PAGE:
Merkel, Cameron iron out views on euro crisis
German Chancellor Angela Merkel and British Prime Minister David Cameron will try to resolve clashing views on the eurozone crisis on Friday after Berlin accused London of being selfish about Europe in comments that touched off British sensitivities about German bossiness.
The outlines of a potential deal became clearer ahead of the Berlin meeting as the Financial Times reported that Cameron would be prepared to back Merkel’s plans to strengthen economic union in the eurozone on condition he wins safeguards to protect the City of London from European legislation.
Cameron will restate his opposition to a Franco-German proposal for a so-called Tobin tax on financial transactions which Britain believes would have a withering effect on its financial district, the FT said in an unsourced report.
A British government spokesperson said he was unable to comment on the report.
Merkel is seeking limited changes to the European Union treaty to provide stricter fiscal discipline within the 17-nation eurozone, in hopes of preventing another debt crisis like the one currently spreading across the continent.
Cameron is to push for any such change to be limited to the eurozone nations, instead of the entire 27-nation bloc, which would have to ratify it, the paper said.
Citing what it said was a six-page German foreign ministry paper, the Daily Telegraph said Germany wanted to create a European Monetary Fund which the paper said would be empowered to take financially ailing countries into receivership and run their economies.
The Telegraph quoted the document as saying the proposed treaty changes are a first stage “in which the EU will develop into a political union”—something that many on the right-wing of British politics would find anathema.
The paper said Merkel would urge Cameron to rule out a popular vote on the EU in Britain in the form of a referendum strongly-backed by the right wing of his Conservative party.
“Limiting the effect of the treaty changes to the euro zone states would make ratification easier, which would nevertheless be required by all EU member states [thereby less referenda could be necessary, which could also affect the UK],” the paper quoted the German document as saying.
The British government wanted a low profile for the eurosceptic Cameron’s visit—but such hopes were dashed by two lawmakers high up in Merkel’s ruling party blasting eurozone-outsider Britain’s stance in the days before the visit.
Merkel told her Christian Democratic Union’s (CDU) annual congress in Leipzig this week that Europe faced its “toughest hour since World War Two”.
She prescribes altering the EU treaty to impose German-style budget discipline, preferably on all 27 members of the EU rather than just the 17 countries in the eurozone.
“Plans for a possible treaty change are now at a very interesting point and we expect to exchange views with our British partners,” Peter Altmaier, chief whip of Merkel’s conservatives in the Bundestag, told Reuters.
But treaty change talk seems to irritate Cameron’s conservative-led coalition for two reasons: it falls far short of the “big bazooka” response he urges; and it touches a raw nerve about ceding more sovereignty to the European Commission in Brussels.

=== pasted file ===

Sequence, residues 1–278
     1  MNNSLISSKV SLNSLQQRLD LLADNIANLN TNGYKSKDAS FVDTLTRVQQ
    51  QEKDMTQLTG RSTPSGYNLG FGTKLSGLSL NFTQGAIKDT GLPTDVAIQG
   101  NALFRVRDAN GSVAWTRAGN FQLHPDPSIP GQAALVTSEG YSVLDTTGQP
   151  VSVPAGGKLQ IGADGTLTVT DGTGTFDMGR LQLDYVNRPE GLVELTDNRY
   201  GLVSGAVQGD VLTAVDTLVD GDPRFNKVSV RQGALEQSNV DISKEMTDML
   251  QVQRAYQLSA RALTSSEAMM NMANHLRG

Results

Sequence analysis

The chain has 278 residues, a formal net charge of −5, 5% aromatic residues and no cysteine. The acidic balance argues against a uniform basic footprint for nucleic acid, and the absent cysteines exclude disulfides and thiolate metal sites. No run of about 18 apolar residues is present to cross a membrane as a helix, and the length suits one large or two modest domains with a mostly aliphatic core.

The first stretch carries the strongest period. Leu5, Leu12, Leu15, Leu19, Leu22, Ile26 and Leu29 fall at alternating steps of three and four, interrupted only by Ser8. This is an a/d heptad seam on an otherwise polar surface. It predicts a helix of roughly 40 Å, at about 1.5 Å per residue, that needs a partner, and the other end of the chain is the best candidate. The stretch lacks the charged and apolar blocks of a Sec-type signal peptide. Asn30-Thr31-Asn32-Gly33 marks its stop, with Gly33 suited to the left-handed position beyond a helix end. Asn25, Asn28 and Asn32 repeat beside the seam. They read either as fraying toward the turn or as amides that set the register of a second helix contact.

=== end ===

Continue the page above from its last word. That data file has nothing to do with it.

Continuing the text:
Britain is already worried that Germany’s proposals for a tax on financial transactions—which it still wants introduced in Europe despite rejection by the Group of 20 leading economies—would hurt London’s competitiveness as a financial hub.
This prompted Merkel’s parliamentary leader Volker Kauder to tell the CDU in Leipzig, to rapturous applause, that Germany would not accept Britain “only defending its own interests” and especially those of the City of London’s financiers.
His metaphorical comment that the German approach to the crisis was so widely accepted that “German is being spoken in Europe” prompted jingoistic British headlines such as the Daily Mail‘s: “We no longer need to fear the jackboot but we have a great deal to fear from German bossy boots.”
“Germany is making the running ... in a way she has not presumed to do since World War Two,” the conservative Mail said.
The British government’s response was more muted.
Business secretary Vincent Cable, from Cameron’s more pro-Europe Liberal Democrat coalition partners, said Germany’s stance on the transaction tax was “completely unjustified”.
Cameron said in a speech this week, in an apparent response to Merkel’s calls for greater political and fiscal convergence, that Europe needed “the flexibility of a network, not the rigidity of a bloc”.
Britain’s conservative leader is in a quandary on the euro, realising his country’s exports could be harmed by a collapse that most likely would be avoided by more unity among eurozone leaders—however much that goes against the grain in London.
London fears being left out of crucial decisions regarding the European single market which it greatly values.
With the Bank of England warning that Britain’s economy will struggle to grow until mid-2012, in contrast to Germany’s, it is tempting for London to deflect blame onto the eurozone.
Sick and tired
Cameron’s “big bazooka” response would involve the European Central Bank becoming the lender of last resort to prop up debt-ridden countries such as Greece and Italy—much in line with US President Barack Obama’s call for drastic action.
Such an infringement of the ECB’s independence and its focus on price stability is completely taboo for Merkel. But she replies more calmly than Sarkozy, who told Cameron in October: “We are sick of you criticising us.”
Berlin recognises Cameron’s troubles with backbenchers who voted in large numbers last month in favour of a referendum on EU membership and the Germans recall his campaign vow that any transfer of sovereignty would be put to a referendum.
Fears that France and Italy are being sucked into the debt maelstrom have taken the two-year-old crisis to a new level in recent weeks.—Reuters